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What’s in Ice Melters, and How Do They Work?

All four ingredients in this driveway savior, explained (yep, even calcium chloride)

We’re often told that you should never eat anything (or put anything on your body) if you don’t recognize everything on the ingredients list. But since most of us have no idea what xanthan gum or potassium benzoate are — or more importantly, what they’re doing to our bodies — we’re decoding the ingredients in the many things Americans put in (and on, or near) themselves.

This edition: Pellets of Fire Snow and Ice Melter, which is made from four separate ingredients that we’ve broken down as they appear online.

The Ice Melter Ingredients

1) Calcium Chloride: The primary ingredient in Pellets of Fire, calcium chloride is a type of salt that lowers the freezing point of water — salt makes it harder for H2O molecules to bond together and become solid — which means it can’t freeze at 32 degrees Fahrenheit anymore. In fact, calcium chloride can prevent freezing at temperatures as low as negative 62 degrees Fahrenheit. Then, that non-freezing water can help melt the frozen tundra known as your driveway. As an added bonus, calcium chloride is totally safe for concrete.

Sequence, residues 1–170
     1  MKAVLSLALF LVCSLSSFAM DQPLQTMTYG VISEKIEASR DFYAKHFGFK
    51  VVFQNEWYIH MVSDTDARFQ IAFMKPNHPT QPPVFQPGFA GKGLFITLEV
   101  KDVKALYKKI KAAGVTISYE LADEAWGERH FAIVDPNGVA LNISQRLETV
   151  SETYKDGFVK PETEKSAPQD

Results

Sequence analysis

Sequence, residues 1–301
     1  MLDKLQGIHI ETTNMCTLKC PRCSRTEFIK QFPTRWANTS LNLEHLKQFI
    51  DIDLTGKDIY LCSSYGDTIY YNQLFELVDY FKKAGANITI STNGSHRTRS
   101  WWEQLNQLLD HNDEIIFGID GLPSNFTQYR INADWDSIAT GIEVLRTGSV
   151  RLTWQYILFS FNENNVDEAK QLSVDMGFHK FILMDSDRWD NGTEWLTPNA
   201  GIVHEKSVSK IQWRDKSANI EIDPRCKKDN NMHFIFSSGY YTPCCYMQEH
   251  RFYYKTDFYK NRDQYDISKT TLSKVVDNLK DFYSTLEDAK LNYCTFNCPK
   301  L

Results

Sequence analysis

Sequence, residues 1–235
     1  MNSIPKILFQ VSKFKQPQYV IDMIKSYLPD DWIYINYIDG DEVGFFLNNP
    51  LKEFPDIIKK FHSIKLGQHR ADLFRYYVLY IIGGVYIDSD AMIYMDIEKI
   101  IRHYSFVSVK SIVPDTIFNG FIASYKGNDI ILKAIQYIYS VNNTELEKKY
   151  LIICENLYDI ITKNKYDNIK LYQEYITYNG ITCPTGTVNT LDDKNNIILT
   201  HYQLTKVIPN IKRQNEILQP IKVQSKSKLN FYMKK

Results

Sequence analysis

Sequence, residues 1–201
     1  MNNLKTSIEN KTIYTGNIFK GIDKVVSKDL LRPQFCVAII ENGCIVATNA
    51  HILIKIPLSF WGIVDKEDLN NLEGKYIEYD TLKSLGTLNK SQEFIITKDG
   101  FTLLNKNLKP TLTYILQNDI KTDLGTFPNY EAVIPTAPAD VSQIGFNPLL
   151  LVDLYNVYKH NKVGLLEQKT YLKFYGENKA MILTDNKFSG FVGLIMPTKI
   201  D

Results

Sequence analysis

Table salt has a similar effect on the freezing point of water, however, chloride has hygroscopic properties that attract moisture from its surroundings, and more moisture that won’t freeze helps ice melt quicker. Unfortunately, chloride is also terrible for the environment, killing aquatic animals and altering soil composition, which makes it harder for vegetation to grow. It can also irritate your eyes, skin and airways in excessive amounts, so definitely don’t make a snow angel in this stuff.

2) Water: More water to help melt ice so you don’t end up like this guy:

3) Potassium chloride: According to the label, this is an impurity, not a main ingredient. It’s another salt that can help melt ice, although not at the extreme levels that calcium chloride can: It only works at above 25 degrees Fahrenheit.

4) Sodium Chloride: Another impurity, sodium chloride is a basic salt that again has some minor ice-melting properties.

The Takeaway

The big problem with ice melters is what they do to the environment, and unfortunately, we don’t really have a greener alternative that’s as effective. So, use them as needed, but maybe consider pulling out the shovel if you’re only dealing with a small pile of snow.

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